The "piadina" RomagnolaHistory and tradition: once a simple, traditional food, the piadina has become one of the nationally recognised symbols of our region. It is so well known that the fast food version is now widely served in motorway restaurants throughout Italy. Much to the horror of every self respecting local, accustomed to granny’s traditional cooking, the ‘industrial piadina’ now also fills supermarket shelves in cities all over the country.
The original recipe remains the subject of open debate. Every little village, locality and district in Romagna has its own particular recipe, and it is therefore impossible to trace the original composition with any certainty. The main differences between the numerous varieties of piadina available are ingredients, thickness and size.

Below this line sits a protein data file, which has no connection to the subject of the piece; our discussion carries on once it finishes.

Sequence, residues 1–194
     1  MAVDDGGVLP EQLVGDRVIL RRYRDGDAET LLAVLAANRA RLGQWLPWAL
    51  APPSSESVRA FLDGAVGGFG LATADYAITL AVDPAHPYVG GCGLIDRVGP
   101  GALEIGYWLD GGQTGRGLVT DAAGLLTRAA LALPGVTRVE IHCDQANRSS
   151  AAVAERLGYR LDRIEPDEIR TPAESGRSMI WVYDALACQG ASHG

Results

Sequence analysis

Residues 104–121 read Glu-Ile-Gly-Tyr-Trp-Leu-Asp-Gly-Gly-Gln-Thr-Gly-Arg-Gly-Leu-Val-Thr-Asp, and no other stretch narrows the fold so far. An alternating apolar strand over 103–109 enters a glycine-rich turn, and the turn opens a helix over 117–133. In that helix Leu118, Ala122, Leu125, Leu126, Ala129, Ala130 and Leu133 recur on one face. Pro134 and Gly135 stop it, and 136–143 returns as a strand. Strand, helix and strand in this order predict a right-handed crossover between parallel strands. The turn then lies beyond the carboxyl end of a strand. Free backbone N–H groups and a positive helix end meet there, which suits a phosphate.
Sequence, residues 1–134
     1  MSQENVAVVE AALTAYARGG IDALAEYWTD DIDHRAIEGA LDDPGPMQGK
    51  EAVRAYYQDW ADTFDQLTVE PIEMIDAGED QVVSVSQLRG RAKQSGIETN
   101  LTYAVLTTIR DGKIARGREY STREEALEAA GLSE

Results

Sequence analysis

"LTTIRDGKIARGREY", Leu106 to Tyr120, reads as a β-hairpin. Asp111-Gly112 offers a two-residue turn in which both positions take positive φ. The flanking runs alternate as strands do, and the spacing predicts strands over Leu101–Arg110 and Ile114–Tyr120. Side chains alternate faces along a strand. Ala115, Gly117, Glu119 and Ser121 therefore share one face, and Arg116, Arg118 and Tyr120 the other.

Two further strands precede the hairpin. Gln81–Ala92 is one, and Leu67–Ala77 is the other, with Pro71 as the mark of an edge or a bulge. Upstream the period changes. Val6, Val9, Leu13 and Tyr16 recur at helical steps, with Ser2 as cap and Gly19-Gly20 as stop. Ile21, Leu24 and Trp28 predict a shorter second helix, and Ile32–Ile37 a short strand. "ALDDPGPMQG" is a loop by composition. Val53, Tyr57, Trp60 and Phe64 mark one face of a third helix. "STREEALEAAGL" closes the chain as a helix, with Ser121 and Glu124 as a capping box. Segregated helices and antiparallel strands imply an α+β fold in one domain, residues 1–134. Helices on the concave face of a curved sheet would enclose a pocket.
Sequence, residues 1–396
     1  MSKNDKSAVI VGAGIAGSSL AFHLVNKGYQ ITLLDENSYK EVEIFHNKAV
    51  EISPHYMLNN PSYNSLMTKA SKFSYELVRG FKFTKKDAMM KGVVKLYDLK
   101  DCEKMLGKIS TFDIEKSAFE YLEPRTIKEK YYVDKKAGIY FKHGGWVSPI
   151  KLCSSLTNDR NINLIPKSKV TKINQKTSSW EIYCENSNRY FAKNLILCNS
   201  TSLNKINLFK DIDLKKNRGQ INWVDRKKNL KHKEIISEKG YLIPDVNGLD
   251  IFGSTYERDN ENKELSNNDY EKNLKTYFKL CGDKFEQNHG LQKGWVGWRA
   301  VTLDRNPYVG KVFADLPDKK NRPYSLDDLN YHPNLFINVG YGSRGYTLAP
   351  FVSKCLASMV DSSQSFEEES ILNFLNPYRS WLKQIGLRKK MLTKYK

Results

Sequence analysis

In the zones of Forlì, Cesena, Faenza and Ravenna the piadina is typically small, very thick, and a pinch of baking soda is added to the dough. In Rimini we use only flour, water, lard and salt, then the dough is ‘stiata’ (rolled) until it is large and thin.
The piadina is cooked on the ‘testo’, a baking tray made of cast iron or – preferably - clay, which adds notably to the flavour. Iron or Teflon trays are more commonly used but the traditional clay versions are by far the best. Today these trays are produced in Montetiffi by Maurizio Camilletti and Rosella Reali, who are now the only remaining traymakers still faithful to a fast-disappearing ancient tradition.
Preparation and cooking
- Mix 500 g of flour with 50 g of lard, salt and as much warm water as is necessary to obtain a rather stiff dough.
- Make some small loaves of about 100 g each.
- Roll each one out into a circle of a thickness of about half a centimetre and a diameter of 15 centimetres.
- Cook the piadina on an iron hot plate or on a non-stick pan, turning from time to time until cooked.
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